The recent court case of actor Manabu Oshio shows that ordinary people can do a good job judging a high-profile trial despite wall-to-wall media coverage and intense pressure to understand technical evidence, according to legal experts and the lay judges themselves.
The heavy media presence continued throughout the trial — the first involving a celebrity under the 1-year-old lay judge system — at the Tokyo District Court, which lasted seven sessions spread out over two weeks and saw testimony from 19 witnesses, including medical experts.
Despite fears they would be unduly influenced by the media, the lay judges who handed down the 2 1/2-year prison sentence Friday said they are confident they reached a fair judgment based on the evidence.
Oshio, 32, immediately filed an appeal.
“He has the right to appeal, so he can do so if he wants to. But I want to say that we handed down this sentence not because he was a celebrity. We would have handed down the same if the defendant was a regular person,” said lay judge No. 5, a company employee in his 30s.
“Honestly speaking, I didn’t have a good impression of the defendant. Initially, I wasn’t sure if I could compose myself and maintain objectivity,” he said in the post-trial news conference. “But as I listened to the witnesses, the fact that (the defendant was) Oshio didn’t matter anymore. I focused on the crime committed rather than the person, and thought hard to decide what the appropriate punishment was for what happened.”
The judges found that Oshio had the responsibility to call for an ambulance on Aug. 2, 2009, when 30-year-old Kaori Tanaka showed signs of an overdose after the two took the illegal drug MDMA, commonly known as Ecstasy, that he gave her and had sex in an apartment in Tokyo’s Roppongi district.
The judges blamed Oshio for failing to take immediate action out of fear of being caught for using illegal drugs and to protect his fame.
Lay judge No. 3, a company employee, said she avoided the news during the trial.
“I didn’t watch TV or read the news on the Internet because I wasn’t sure what kind of information I would get. I did so because I wanted to be fair, and stick to my own opinion,” she said.
Other lay judges said they were exposed to news reports but were confident this didn’t influence them.
“The presiding judge told us in the beginning to decide on our own based only on the evidence and testimony in the court, so I did,” said lay judge No. 2, a self-employed man in his 50s.
The case was also deemed difficult for people outside the legal profession because they had to reach a decision based on the testimony of expert witnesses.
Emergency and critical care specialists who testified for the prosecution said there was a 90 percent chance Tanaka’s life could have been saved if paramedics had gotten there quickly. But the expert witnesses called by Oshio’s lawyers said that based on Tanaka’s autopsy records her chance of survival was between 10 and 60 percent.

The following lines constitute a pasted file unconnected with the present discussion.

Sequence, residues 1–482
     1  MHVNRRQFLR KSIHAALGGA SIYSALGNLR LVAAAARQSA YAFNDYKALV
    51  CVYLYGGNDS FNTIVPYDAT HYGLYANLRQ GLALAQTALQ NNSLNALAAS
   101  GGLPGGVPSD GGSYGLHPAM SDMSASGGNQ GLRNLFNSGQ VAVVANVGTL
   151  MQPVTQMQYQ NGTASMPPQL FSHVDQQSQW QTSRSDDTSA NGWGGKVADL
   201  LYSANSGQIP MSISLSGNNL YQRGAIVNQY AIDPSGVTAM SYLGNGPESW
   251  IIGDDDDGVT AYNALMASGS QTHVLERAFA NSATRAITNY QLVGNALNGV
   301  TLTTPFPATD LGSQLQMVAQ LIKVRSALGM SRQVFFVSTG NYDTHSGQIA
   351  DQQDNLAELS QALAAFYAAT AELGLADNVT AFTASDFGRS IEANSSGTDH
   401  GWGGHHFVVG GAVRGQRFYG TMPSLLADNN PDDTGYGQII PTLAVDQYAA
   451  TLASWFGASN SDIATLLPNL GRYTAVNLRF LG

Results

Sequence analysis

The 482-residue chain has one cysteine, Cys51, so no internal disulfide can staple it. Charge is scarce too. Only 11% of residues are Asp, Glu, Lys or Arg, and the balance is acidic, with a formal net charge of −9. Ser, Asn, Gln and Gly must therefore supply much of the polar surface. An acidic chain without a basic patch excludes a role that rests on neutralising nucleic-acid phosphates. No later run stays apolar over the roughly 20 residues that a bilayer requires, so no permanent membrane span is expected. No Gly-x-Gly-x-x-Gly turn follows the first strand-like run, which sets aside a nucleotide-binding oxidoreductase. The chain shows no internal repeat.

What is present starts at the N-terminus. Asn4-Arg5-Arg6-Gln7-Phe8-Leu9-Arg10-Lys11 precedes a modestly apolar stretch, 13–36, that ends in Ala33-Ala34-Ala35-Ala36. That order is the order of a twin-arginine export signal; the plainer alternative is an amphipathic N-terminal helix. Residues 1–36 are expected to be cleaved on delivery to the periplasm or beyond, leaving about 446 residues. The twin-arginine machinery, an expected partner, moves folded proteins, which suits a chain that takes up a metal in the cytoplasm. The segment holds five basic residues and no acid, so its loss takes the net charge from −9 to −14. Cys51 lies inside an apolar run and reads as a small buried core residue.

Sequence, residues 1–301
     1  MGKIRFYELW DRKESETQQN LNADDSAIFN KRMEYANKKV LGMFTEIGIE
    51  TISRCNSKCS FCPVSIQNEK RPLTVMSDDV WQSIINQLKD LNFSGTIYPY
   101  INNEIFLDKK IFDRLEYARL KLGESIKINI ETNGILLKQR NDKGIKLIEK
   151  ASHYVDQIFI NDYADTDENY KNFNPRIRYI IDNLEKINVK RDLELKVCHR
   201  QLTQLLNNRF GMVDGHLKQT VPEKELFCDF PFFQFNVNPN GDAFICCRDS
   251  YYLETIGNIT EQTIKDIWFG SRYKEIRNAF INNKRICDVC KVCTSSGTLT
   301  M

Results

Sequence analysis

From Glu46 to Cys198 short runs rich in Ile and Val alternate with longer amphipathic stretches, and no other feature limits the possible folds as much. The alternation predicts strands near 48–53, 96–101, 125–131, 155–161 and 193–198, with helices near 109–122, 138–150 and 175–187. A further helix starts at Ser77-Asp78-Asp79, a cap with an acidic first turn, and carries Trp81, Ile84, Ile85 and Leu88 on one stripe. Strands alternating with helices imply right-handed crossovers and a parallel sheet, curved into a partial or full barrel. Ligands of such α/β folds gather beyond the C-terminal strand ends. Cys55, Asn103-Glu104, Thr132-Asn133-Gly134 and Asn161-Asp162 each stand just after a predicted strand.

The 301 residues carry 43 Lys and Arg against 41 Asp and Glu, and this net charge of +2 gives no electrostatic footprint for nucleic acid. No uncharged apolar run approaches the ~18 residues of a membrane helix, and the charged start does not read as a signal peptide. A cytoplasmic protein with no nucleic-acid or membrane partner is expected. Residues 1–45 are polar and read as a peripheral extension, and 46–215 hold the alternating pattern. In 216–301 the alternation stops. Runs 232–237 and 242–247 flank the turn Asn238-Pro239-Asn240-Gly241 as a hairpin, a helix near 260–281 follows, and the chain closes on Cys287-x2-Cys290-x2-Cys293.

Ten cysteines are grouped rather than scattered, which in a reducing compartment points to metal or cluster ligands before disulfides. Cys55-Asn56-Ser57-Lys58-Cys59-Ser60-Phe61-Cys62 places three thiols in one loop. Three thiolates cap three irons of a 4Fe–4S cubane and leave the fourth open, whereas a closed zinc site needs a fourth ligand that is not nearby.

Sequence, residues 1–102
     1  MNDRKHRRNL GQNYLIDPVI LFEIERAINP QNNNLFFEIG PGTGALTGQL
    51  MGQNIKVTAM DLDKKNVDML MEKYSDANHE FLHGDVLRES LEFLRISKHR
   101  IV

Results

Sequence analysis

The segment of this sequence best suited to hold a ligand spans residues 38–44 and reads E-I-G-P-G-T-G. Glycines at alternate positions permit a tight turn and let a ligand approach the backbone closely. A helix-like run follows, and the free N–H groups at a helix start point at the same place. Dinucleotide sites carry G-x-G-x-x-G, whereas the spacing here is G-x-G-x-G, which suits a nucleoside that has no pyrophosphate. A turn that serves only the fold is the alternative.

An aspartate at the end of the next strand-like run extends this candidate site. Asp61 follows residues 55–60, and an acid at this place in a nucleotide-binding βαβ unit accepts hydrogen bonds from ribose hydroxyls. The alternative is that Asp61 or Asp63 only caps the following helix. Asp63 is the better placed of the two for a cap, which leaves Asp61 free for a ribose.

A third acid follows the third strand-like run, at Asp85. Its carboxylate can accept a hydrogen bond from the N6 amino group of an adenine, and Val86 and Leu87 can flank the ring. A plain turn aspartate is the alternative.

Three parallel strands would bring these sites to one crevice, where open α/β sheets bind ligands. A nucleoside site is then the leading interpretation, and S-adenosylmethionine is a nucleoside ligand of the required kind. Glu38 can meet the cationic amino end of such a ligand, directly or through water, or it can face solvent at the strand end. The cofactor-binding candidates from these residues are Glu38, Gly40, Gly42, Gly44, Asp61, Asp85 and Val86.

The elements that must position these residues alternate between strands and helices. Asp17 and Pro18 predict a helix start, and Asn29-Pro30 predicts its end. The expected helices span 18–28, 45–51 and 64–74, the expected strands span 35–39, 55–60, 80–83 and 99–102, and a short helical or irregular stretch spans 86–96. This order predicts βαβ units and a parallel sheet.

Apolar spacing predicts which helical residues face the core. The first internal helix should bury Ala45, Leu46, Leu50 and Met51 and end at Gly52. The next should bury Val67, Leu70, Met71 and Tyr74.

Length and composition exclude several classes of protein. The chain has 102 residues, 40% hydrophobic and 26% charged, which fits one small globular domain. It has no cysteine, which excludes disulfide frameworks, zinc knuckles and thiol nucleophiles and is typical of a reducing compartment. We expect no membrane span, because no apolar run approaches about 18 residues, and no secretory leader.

In a careful assessment of the expert opinions, the ruling said it is reasonable to doubt that Tanaka’s life would have been saved even if an ambulance had been called, dismissing one of the arguments made by the prosecution.
Prosecutors had demanded a six-year prison term.
The lay judges said they were worried at first if they could understand the technical details but agreed they eventually did, pointing out that the prosecutors and defense lawyers questioned the witnesses on the premise that the judges were not experts.
“I didn’t have any medical knowledge, but I listened to the opinions of the other lay judges and was able to reach my own conclusion. There is significance in having this many (lay judges deliberate),” said lay judge No. 6, who said she is a homemaker.
Asked if they felt that they had a good grasp of the basic principles of criminal trials, lay judge No. 1 replied that the professional judges initially explained to them that prosecutors have the burden of proving guilt beyond a reasonable doubt.
“When I heard that I strongly felt, ‘wow, that’s how it works.’ Unless meeting that (criteria) it could lead to a wrongful conviction,” lay judge No. 1 said.
Satoru Shinomiya, a lawyer and professor at Kokugakuin University Law School, observed that the lay judges in the Oshio trial eased previous concerns that media coverage can influence members of the public taking part in the new court duty.
Shinomiya, who took part in designing the system, said he has always believed lay people would not be prejudiced in reaching judgments, and that freedom of the press must be protected as well.
But he also said the media should be more aware that accuracy and fairness are now more important than ever when covering trials.
The ruling also showed that lay judges can carefully assess expert opinions, Shinomiya said.
“What’s expected of the lay people as judges is not to become experts themselves, but to decide whether they believe the witnesses and their testimony,” he said, observing that the lay judges in the Oshio trial appear to have done just that.
Lay judge No. 4, a self-employed man in his 30s, said he was nervous in the beginning and it was a lot of work, but in the end he considered it a good experience.
“If another chance arrives, I’d do it again. I think the public shouldn’t be afraid and serve when they are summoned,” he said.
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